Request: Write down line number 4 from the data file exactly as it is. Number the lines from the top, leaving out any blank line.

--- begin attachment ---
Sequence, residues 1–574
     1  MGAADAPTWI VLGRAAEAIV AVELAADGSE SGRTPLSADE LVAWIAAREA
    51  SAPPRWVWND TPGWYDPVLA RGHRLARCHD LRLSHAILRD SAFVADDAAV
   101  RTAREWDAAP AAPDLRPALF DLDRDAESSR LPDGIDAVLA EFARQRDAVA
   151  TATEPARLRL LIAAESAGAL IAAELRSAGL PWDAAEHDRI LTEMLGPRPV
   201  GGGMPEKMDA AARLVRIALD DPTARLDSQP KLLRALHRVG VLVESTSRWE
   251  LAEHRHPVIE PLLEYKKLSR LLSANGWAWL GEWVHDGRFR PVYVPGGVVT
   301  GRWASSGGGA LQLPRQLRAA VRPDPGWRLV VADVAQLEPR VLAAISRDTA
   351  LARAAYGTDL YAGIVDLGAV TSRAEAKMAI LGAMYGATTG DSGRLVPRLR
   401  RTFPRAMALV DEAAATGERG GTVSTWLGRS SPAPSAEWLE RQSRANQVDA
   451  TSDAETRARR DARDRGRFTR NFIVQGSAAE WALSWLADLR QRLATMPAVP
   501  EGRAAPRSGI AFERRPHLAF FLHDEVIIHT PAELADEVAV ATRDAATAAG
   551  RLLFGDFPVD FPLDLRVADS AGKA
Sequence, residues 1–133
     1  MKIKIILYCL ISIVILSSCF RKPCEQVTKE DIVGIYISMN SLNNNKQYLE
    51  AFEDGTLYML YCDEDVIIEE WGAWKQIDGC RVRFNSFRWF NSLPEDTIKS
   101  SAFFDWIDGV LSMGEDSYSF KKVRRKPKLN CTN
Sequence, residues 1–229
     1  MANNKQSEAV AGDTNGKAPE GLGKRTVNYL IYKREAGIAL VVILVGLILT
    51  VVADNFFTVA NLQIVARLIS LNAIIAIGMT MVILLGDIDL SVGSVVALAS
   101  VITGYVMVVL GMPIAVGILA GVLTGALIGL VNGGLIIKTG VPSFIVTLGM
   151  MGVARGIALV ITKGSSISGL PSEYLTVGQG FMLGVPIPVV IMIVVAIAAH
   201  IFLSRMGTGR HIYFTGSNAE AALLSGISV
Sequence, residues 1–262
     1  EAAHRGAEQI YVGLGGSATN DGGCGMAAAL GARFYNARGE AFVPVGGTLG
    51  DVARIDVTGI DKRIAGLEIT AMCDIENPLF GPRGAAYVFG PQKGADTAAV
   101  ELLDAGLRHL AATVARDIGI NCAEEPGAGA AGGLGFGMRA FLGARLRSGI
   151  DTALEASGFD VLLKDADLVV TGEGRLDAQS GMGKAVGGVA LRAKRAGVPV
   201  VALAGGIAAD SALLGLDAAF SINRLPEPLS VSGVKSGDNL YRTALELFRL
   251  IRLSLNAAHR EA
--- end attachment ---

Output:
   101  RTAREWDAAP AAPDLRPALF DLDRDAESSR LPDGIDAVLA EFARQRDAVA